Yes, everything I said above is sadly still true. We still do not receive many applications per distribution cycle (~12).
(Have not read through Max' link dump yet, which seems very interesting, I also feel some skepticism of the 'new optimism' worldview.)
One major disappointment in Pinker's book as well as in related writings for me has been that they do little to acknowledge that how much progress you think the world has seen depends a lot on your values. To name some examples, not everyone views the legalization of gay marriage and easier access to abortion as progress, and not everyone thinks that having plentiful access to consumer goods is a good thing.
I would be very interested in an analysis of 'progress' in light of the different moral foundations discussed by Haidt. I have the impression that Pinker exclusively focuses on the 'care/harm' foundation, while completely ignoring others like Sanctity/purity or Authority/respect and this might be where some part of the disconnect between the 'New optimists' and opponents is coming from.
That's very fair, I should have been a lot more specific in my original comment. I have been a bit disappointed that within EA longtermism is so often framed in utilitarian terms - I have found the collection of moral arguments in favour of protecting the long-term future brought forth in The Precipice a lot more compelling and wish they would come up more frequently.
You would need to check the legality of this however - this is illegal in at least a few European countries, including the UK and Germany.
Most people don't value not-yet-existing people as much as people already alive. I think it is the EA community holding the fringe position here, not the other way around. Neither is total utilitarianism a majority view among philosophers. (You might want to look into critiques of utilitarianism.)
If you pair this value judgement with a belief that existential risk is less valuable to work on than other issues for affecting people this century, you will probably want to work on "non-longtermist" problems.
Which country are you in? I have been putting a lot of thought into becoming an egg donor in the UK over the past few months and am currently in the evaluation process for one egg bank and one matching service.
First I would like to note that while most matching services primarily match on phenotype, there certainly are some where you get a detailed profile from the potential donors. I would be happy to tell you the name of the matching agency in the UK that I have been working with which strongly encourages getting a good personality match.
I would expect finding a donor directly from the EA community to be much harder, but maybe someone will respond to your request (but it would be good to know where you live!). Feel free to PM to chat more.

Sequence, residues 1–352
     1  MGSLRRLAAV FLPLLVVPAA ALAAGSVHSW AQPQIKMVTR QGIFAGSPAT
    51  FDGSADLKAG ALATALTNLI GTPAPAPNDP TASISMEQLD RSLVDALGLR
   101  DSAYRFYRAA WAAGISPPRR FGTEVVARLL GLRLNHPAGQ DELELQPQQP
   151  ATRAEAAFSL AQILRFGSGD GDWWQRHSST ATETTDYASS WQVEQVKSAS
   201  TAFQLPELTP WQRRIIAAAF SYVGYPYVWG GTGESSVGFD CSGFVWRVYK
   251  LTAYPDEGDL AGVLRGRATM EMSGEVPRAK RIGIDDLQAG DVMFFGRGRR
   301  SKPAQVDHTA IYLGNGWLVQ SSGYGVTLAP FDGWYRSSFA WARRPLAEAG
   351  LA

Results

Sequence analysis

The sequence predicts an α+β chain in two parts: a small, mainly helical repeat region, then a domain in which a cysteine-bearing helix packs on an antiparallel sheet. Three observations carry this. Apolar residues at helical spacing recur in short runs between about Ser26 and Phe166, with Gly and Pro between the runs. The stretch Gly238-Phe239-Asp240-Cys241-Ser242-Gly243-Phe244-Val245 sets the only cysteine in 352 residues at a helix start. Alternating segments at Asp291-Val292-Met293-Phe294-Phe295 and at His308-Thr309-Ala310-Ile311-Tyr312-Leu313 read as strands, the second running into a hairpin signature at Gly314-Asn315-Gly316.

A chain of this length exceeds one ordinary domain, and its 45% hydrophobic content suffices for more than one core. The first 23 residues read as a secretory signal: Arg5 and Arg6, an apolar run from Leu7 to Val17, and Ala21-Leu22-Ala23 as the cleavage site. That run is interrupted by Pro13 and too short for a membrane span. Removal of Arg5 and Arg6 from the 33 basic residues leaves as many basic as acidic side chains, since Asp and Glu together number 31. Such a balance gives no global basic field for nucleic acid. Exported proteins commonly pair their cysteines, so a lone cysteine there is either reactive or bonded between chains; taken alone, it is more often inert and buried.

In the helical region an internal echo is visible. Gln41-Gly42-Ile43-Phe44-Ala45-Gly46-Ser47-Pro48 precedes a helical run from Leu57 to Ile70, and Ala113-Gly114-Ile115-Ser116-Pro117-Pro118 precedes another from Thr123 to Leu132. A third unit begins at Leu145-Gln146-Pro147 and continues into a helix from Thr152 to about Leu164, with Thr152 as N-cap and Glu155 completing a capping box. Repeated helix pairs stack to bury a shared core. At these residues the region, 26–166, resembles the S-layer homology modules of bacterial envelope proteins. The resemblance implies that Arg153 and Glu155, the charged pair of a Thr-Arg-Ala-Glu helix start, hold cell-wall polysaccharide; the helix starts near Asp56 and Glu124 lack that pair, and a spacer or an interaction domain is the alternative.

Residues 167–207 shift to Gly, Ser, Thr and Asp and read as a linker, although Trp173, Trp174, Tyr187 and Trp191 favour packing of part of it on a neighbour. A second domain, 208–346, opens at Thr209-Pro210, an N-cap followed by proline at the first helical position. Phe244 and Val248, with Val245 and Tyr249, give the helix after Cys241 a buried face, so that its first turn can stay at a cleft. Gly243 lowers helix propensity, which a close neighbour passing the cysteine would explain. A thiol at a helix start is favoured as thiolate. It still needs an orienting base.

We have a limited pot of money available, so our decisions are primarily bottlenecked by its size. We have occasionally (once?) decided to not to spend the complete available amount to have more money available for the next distribution cycle, when we had reason to assume we would be able to make stronger grants then.
I am not sure whether that answered your question?
This is very much an aside, but I would be really curious how many people you perceive as having changed their views to longtermism would actually agree with this. (According to David's analysis, it is probably a decent amount.)
E.g. I'm wondering whether I would count in this category. From the outside I might have looked like I changed my views towards longtermism, while from the inside I would describe my views as pretty agnostic, but I prioritised community preferences over my own. There might also be some people who felt like they had to appear to have or act on longtermist views to not lose access to the community.
Yes, that is what I meant. Thank you so much for providing additional analysis!
Thank you for looking into the numbers! While I don't have a strong view on how representative the EA Leaders forum is, taking the survey results about engagement at face value doesn't seem right to me.
On the issue of long-termism, I would expect that people who don't identify as long-termists to now report to be less engaged with the EA Community (especially with the 'core') and identify as EA less. Long-termism has become a dominant orientation in the EA Community which might put people off the EA Community, even if their personal views and actions related to doing good haven't changed, e.g. their donations amounts and career plans. The same goes for looking at how long people have been involved with EA - people who aren't compelled by long-termism might have dropped out of identifying as EA without actually changing their actions.